For six months, I studiously resisted writing about this painful pandemic. I steadily avoided the typical tirades and repetitive realities of COVID-19. I eschewed the temptations to wax woefully and bemoan banally on the mostly boring virus. My success was stymied when my E*D*I*T*O*R* stormed in and told me to write about you-know-what. Commanded me would be more accurate.
A simple declaration of a State of Disaster and in waltzed a wealth of webinars. Oh, dear. This is the virtual pandemic with real consequences. The end of the real world. No more tea and biscuits in real hotels and overused boardrooms. No more ‘body breaks’. No more hugging a friend or actively ignoring an enemy.
The Real World
In real meetings, we have multiple visual and aural distractions in real rooms with real people. We keep an eye on the falling-asleepers and crane forwards to check if the fresh platters brought in by the catering staff have some tempting new delicacies. We hear the clatter of cups and saucers and the occasional shattering of a glass when an unfortunate waiter lets one slip. And we really suffocate from malodour when a participant lets one slip while everyone looks around innocently, pretending it wasn’t them. Real meetings can be fun.
In webinars and virtual meetings there is just a small screen with only your head and shoulders visible. Well, sometimes we see an open medicine chest (do you really need that blue pill?) or a kitchen cupboard which is so untidy, it wouldn’t look out of place on a rubbish heap.
Or your camera is so badly positioned that I have a better view up your nostrils than an ENT with an endoscope. It’s disturbing. But the cupboards don’t move and we might ignore them. One attendee at a recent video meeting seemed rather bored. She swaggered to the rear of her room and with an elegant swirl of her arms, removed her dress, under which she was wearing only panties. She sauntered lazily back to her laptop and sat there quite naked until my private message alerted her. Whilst we can and do pass private notes to each other during real meetings, I have never experienced anyone sitting around naked. Real meetings can be boring.
Beware of what you say, lest someone dies.
Webinars and video meetings can be worse. The little screens and lack of distractions make you more aware of the abundance of speaking flaws. The repeated use of You know has started to elicit an involuntary eye roll, not unlike that of Angela Merkel because no, I don’t know. You’re the expert. Tell me. Thoughts of suicide invade my mind.
Speakers habitually repeat words like the the the the the …, that that that that that … and I I I I I …. There are many such aberrations which haunt us, often marching in pairs but frequently attacking in waves of five. The worst of them all however is the ubiquitous uhm. By my count the uhms run at an average of 10 per minute. At 20 per minute, and there are many people who achieve this pinnacle, it becomes a nightmare. I feel an urge to reach for my mobile and call my therapist to allay those suicidal thoughts. It is a great relief when a presenter or participant voices only 5 uhms per minute and a major miracle when one doesn’t uhm at all. If I get infected by ‘the virus‘ I am more likely to die than you are. I lie in the very high risk group. There is nonetheless a lower risk that I die of the virus than the risk of death by suicide to which the Uhm avalanche drives me.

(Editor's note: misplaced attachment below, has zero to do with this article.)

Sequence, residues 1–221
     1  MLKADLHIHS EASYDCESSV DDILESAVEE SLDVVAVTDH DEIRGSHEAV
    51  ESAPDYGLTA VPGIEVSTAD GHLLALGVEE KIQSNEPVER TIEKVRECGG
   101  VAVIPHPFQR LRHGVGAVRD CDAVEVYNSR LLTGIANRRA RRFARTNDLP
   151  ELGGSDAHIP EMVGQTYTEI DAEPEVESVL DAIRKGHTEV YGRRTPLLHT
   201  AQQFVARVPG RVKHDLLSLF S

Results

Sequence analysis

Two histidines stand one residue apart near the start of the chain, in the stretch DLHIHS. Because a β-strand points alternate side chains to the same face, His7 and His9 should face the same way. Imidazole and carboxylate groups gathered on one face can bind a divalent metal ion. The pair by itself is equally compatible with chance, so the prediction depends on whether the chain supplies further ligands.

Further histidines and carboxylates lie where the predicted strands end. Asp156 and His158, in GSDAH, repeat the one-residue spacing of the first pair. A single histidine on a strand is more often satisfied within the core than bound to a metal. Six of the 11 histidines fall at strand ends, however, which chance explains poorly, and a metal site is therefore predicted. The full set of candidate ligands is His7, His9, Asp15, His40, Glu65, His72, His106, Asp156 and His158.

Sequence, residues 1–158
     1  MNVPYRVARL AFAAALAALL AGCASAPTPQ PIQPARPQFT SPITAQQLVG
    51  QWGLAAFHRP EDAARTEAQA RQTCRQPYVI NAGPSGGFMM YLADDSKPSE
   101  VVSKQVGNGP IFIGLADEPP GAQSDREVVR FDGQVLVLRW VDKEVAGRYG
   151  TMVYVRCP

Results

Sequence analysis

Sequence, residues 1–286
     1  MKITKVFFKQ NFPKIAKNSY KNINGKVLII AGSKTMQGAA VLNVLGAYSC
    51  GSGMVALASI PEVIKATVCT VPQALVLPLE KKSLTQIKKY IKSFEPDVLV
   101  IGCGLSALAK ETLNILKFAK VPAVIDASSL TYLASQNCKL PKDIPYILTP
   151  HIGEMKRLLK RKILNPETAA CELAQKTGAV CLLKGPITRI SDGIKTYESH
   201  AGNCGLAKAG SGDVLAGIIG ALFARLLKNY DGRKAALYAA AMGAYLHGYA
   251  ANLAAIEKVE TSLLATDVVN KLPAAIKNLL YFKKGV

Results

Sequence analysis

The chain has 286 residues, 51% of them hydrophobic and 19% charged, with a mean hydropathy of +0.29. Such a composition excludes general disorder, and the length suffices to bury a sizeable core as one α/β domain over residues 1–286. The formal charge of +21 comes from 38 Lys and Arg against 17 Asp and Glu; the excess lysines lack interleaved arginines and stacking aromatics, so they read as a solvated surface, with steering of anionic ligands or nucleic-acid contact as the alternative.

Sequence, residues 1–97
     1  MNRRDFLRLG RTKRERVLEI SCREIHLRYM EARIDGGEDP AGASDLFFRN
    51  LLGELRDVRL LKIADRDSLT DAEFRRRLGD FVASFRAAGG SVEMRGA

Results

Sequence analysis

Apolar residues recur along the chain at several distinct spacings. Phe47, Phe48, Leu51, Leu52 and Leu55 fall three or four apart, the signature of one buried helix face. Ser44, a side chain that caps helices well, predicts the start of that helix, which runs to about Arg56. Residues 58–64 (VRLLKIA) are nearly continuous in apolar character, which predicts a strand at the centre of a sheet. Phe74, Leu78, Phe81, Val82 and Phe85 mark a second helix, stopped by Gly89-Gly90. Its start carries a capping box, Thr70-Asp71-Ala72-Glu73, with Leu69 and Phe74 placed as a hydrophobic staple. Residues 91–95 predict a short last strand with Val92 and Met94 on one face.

The maths is simple. If one uhm wastes one second, that is at least 600 seconds per hour. Ten minutes wasted every hour. When one adds in the other pointless repetitions of words and phrases and what, for some, appears to be the obligatory lazy Aah and the meaningless, unthinking, unnecessary Ja, a two-hour meeting can be shortened by 30 minutes
Wouldn’t you rather lounge at the pool, sipping your favourite drink than being terrified by the onslaught of uhms? It is unlikely that I develop Temporary-auto-optic-neuro-aural-editing-deafness syndrome (TAONAEDS)8, but I cannot un-hear the uhms, just as I cannot un-see that naked participant.
Great orators don’t uhm. Martin Luther King didn’t uhm once in his 32 minute ‘I have a Dream’ speech. Neither did Winston Churchill when, for a full 12 minutes, he delivered his ‘We shall never Surrender’ statement in the British parliament. These two speeches are beauties to behold. Or should that be a delight to belisten?
It takes focus and concentration not to uhm. That effort drains energy. It’s exhausting. That’s why virtually everyone really uhms. That’s why there are so few great presenters and hardly any outstanding attendees at webinars who don’t uhm. Please listen to yourself. Our mental health is at risk. The government shouldn’t ban tobacco. It would be a better health measure to ban the Uhm.
Footnote: My thanks to the wonderful James Clarke who created the demon E*D*I*T*O*R* who probably trained my E*D*I*T*O*R* for whom I have now written about a different pandemic. As Commanded.
8TAONAEDS is a recently discovered malady which has not yet been recorded in any medical journal or diagnostic handbook. Little known psychologist, Dr Insight Mentalhauser-Doppelpsyche, is documenting cases in the hope of discovering a vaccine to mitigate the damage of WEBMEET-20.
Thanks to Helene vd Westhuizen for editing this article